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OR, WORDS OF SPIRITUAL CAUTION, COUNSEL, AND COMFORT. “Who comforteth us in all our tribulation, that we may be able to comfort them which are in any

trouble, by the comfort wherewith we ourselves are comforted of God."-2 Cor, i. 4.


LIFE DEC. 7TH, 1867, AGED 57 YEARS. Precious in the sight of the Lord is the death of His saints.”—Ps.cxvi. 15. MY DEAR READERS,-Seeing, as Job says, that “the thing I greatly feared is come upon me," I have no doubt that you can better imagine than I describe the feelings with which I once more take up my pen to address you. Still I feel that a solemn duty-yea, in one rich and precious sense, a holy and blessed privilege-devolves upon me; and, therefore, I pray that the Holy Ghost may kindly and graciously strengthen and qualify me for what I am about to undertake.

You remember that, in a recent paper, I expressed my gratitude to our God that the affliction with which He saw fit to try me was confined to the foot. I had still the use of the pen, and, through its means, I found no small measure of relief. When, however, the stringent means used to reduce the inflammation under which the foot was suffering wholly incapacitated me for any mental effort whatever, my trial became tenfold greater. I dare not dwell upon this, save only to say that, for a season, as with Abraham of old, a horror of great darkness fell upon me;" or, with the disciples, “it was now dark, and Jesus had not yet come to them.” I cannot, nor will I attempt to, describe what for an hour or so I passed through during this season, when I felt as though passing into eternity, and Jesus was out of sight. I could not find my God at hand. The foundation, in so far as I was permitted to realize it, was (according to present feeling and apprehension) struck away. It was a time of “strong crying and tears indeed. But (thanks to the Lord) it did not last long; and, although deprived of the sweet privilege and power of either reading or even being able to hear read the precious word for some days, yet the Holy Ghost did, in the most blessed way, bring portion after portion--yea,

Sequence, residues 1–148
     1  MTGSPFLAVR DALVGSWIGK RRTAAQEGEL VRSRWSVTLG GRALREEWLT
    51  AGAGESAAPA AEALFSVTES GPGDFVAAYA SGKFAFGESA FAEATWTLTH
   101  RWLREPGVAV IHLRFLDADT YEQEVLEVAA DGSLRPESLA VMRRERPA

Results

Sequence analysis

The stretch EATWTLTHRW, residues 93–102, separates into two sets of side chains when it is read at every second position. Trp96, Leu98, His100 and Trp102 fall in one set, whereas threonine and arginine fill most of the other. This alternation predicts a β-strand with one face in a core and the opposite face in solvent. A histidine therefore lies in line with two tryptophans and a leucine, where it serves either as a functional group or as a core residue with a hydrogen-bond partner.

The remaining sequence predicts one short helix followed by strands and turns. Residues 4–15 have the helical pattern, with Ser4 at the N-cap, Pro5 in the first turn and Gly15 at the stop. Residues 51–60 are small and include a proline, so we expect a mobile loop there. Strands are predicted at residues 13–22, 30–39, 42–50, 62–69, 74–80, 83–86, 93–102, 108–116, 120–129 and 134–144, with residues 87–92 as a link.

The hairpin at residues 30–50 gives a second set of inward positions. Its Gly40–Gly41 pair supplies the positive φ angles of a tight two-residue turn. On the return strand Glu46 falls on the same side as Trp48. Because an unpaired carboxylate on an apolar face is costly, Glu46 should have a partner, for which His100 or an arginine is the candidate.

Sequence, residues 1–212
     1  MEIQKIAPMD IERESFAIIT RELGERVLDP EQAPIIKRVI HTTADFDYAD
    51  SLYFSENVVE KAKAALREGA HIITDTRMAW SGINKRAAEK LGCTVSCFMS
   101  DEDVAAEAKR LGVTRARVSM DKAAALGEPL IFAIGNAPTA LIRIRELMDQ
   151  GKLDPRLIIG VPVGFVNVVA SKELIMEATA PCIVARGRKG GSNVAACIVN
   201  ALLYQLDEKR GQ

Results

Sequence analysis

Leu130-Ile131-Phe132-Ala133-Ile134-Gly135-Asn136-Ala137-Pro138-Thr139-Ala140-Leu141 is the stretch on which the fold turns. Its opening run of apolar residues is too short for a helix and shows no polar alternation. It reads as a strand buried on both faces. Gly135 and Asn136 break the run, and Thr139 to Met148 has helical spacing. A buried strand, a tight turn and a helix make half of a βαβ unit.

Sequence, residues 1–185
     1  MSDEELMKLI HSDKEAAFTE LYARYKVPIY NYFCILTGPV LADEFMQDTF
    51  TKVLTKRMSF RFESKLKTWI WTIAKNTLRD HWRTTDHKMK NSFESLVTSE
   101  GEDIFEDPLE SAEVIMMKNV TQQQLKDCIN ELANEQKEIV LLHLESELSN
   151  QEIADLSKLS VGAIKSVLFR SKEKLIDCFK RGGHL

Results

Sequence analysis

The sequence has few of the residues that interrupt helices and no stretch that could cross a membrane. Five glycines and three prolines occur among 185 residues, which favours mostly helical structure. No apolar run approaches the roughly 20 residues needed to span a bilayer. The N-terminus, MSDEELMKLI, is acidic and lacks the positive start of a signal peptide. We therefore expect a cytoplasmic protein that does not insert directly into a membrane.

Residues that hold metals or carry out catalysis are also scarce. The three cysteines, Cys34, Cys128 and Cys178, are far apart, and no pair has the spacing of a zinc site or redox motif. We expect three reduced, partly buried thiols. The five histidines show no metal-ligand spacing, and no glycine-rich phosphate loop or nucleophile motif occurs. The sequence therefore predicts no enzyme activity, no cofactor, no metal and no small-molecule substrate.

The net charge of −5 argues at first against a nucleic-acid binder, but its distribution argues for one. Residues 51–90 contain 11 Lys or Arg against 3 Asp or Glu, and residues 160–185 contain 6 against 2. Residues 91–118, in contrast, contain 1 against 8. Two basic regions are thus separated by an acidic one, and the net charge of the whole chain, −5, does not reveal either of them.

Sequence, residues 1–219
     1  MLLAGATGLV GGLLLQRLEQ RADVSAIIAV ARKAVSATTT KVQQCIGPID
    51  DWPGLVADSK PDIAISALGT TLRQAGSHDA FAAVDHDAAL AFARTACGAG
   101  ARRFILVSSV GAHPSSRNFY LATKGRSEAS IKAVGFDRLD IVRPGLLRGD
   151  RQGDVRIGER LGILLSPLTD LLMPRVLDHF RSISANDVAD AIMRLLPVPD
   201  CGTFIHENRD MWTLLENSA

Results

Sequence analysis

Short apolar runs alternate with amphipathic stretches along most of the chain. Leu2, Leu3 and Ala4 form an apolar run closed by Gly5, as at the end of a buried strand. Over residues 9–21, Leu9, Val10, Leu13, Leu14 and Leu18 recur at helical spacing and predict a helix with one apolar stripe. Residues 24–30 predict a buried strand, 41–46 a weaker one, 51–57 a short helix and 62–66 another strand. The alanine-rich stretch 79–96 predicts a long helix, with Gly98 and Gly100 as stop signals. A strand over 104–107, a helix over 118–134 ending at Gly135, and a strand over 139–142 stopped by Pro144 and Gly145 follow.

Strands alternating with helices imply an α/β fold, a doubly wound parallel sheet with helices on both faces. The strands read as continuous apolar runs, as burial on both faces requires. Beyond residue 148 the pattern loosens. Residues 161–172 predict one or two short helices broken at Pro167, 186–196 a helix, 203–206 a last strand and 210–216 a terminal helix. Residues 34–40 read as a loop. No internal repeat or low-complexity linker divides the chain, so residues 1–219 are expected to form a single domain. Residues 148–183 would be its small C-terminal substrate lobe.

almost chapter after chapter-to my remembrance, in a way and to an extent that I never before realized.